The percentage of job seekers starting their own businesses increased by 33 percent in the first half of 2013, as an improving lending market and employment picture provided both the financial and job safety nets sought by fledgling entrepreneurs. Even with the increase, however, less than five percent of managers and executives opted for self-employment over a more traditional career path, suggesting that starting a business remains far too risky for most people.
The latest data on start-up trends was released Wednesday by global outplacement and coaching consultancy Challenger, Gray & Christmas, Inc. The firm’s quarterly survey of job-seeking managers and executives revealed that an average of 4.1 percent started their own business over the first two quarters of 2013. That was up from 3.0 percent of those starting businesses in the same period a year ago.
The four-quarter moving average, which stabilizes volatile quarterly data for start-up activity, increased to 4.8 percent, compared to 3.1 percent at the same point a year ago. At the beginning of 2010, the four-quarter average for portion of jobless managers and executives starting a business stood at 7.8 percent.
“We saw some solid start-up activity among job seekers just as the recovery was getting underway in late 2009. However, entrepreneurship quickly lost its allure as the recovery struggled to gain momentum and dragged on slowly for months and months. During this entire time, it was extremely difficult to even finance a start-up endeavor due to tightened lending standards. Now, we are starting to see some renewed interest,” said John A. Challenger, chief executive officer of Challenger, Gray & Christmas.
The slow rebound for start-up activity runs counter to previous recessions, when the percentage of job seekers starting businesses typically increased as soon as the recovery was underway. Following the 2001 recession, an average of 9.6 percent of job seekers started a business through four quarters of 2002. That was up from an average of 7.8 percent amid the recession in 2001.
A likely reason for the shift in post-recession start-up activity was the difficulty in obtaining loans and credit following the 2008/2009 recession. Many new business owners fund their start-ups with business and/or personal credit cards. A 2004 survey by the Kauffman Foundation, found that nearly 60 percent of entrepreneurs used credit card debt to start their business.
“In the wake of the financial meltdown, banks and credit card companies tightened their lending standards and, in many cases, lowered customers’ credit limit, in order to reduce their exposure to risk. This made it much more difficult to obtain funding to start a business or expand an existing one,” said Challenger.
A survey of small business owners by the National Federation of Independent Business found that 31 percent of firms with just one or zero employees did not even apply for credit in 2009 for fear of rejection. Nearly 50 percent of small firms with two to four employees didn’t bother to apply. Meanwhile, traditional loans were equally difficult to obtain. Commercial and industrial loans fell by 20 percent from March 2008 through June 2010, according to data from the Federal Reserve Bank of St. Louis.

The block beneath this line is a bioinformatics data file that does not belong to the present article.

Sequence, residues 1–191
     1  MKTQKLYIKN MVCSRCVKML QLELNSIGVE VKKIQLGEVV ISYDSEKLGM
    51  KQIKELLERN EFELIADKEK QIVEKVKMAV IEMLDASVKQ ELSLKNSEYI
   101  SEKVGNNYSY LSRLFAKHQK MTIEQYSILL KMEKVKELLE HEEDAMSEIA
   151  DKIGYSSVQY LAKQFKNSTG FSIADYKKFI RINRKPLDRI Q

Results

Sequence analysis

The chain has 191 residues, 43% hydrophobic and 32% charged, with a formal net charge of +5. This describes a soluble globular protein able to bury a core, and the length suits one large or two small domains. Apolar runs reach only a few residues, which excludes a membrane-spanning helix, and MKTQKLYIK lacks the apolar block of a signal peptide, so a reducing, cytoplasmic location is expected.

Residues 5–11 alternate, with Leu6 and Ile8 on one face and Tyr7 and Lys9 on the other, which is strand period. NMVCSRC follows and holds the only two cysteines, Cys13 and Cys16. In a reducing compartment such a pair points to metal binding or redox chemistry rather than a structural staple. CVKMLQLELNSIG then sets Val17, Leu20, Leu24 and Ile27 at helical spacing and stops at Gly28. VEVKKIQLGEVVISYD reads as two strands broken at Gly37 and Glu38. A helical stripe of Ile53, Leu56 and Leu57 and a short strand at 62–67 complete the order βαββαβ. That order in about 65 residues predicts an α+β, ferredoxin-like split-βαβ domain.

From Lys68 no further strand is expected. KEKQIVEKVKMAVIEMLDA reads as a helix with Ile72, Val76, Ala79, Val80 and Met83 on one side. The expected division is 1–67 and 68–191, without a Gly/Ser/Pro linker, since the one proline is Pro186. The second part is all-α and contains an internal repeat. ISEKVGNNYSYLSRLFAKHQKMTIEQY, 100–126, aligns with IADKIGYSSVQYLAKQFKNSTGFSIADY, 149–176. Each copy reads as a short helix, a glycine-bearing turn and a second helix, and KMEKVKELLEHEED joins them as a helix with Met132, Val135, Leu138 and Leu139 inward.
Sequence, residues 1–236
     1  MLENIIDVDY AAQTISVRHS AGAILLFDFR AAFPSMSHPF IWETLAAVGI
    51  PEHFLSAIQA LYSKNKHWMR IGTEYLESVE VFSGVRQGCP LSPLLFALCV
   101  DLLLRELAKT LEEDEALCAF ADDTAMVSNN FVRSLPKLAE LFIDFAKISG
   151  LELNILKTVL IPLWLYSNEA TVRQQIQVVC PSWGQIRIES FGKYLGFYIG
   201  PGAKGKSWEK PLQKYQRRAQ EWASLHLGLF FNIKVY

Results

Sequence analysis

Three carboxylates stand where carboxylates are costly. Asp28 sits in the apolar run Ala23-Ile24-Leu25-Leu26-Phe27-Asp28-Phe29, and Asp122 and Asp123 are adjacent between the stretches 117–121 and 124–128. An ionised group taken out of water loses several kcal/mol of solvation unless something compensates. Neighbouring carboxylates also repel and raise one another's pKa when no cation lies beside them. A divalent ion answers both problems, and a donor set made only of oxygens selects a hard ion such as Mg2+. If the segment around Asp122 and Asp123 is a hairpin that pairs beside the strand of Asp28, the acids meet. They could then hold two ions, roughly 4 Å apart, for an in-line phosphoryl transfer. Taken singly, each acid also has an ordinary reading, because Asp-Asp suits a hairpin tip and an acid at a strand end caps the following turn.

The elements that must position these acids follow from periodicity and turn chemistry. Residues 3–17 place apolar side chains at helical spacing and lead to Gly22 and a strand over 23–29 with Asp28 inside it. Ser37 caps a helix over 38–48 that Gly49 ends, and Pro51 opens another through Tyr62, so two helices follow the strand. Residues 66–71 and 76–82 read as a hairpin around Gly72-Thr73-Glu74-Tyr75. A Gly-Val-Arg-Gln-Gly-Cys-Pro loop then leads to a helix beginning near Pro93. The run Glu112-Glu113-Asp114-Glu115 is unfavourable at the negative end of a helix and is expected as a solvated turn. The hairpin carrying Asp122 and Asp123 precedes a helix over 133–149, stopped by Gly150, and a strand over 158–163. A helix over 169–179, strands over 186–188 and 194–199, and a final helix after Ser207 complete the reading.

The lending market has improved significantly, as banks began easing their loan requirements. The latest data from the Federal Reserve Bank show that as of the end of July outstanding consumer and business loans totaled $7.3 trillion, up from $7.1 trillion a year ago. The latest total surpasses the peak of $7.2 trillion reached in October 2008, just prior to the banking collapse. Bank loans fell to a recession low of $6.66 trillion in January 2010.
Easier-to-obtain loans and consumer credit appear to be having a positive impact on entrepreneurship. In addition to the Challenger data showing increased start-up activity among job-seeking managers and executives, the latest data from the Bureau of Labor Statistics reveal a steady increase in the number of self-employed.
The number of self-employed workers in non-agricultural industries has been on the rise since falling to 8,320,000 in September 2011. That was the lowest level of self-employment since the late 1980s. In July, there were 8,831,000 Americans categorized as unincorporated, self-employed. That remains well shy of a pre-recession peak of 9,775,000 self-employed workers in June 2007, but the numbers are heading in the right direction. The highest number of self-employed Americans was reached in April 2005, when the Bureau counted 9,896,000.
“As the lending market continues to improve, we are likely to see an increase in the number of people willing to take on the risk of entrepreneurship. As our numbers suggest, however, only a small number of those pursuing self-employment may come from the pool of out-of-work job seekers, particularly as the traditional job market continues to gain steam. There simply may be too much financial uncertainty for this population, whose savings may have already taken a hit due to job loss,” said Challenger.
“That is not to say that these individuals will not pursue entrepreneurship once they secure traditional employment. This would have been difficult a decade ago, but the widespread availability of reasonably priced high-speed internet, plus increasing portable technology, have made it possible to run a business from anywhere at any time. It is estimated that nearly two-thirds of small business owners work at full or part-time jobs while trying to get their entrepreneurial ventures off the ground,” noted Challenger.
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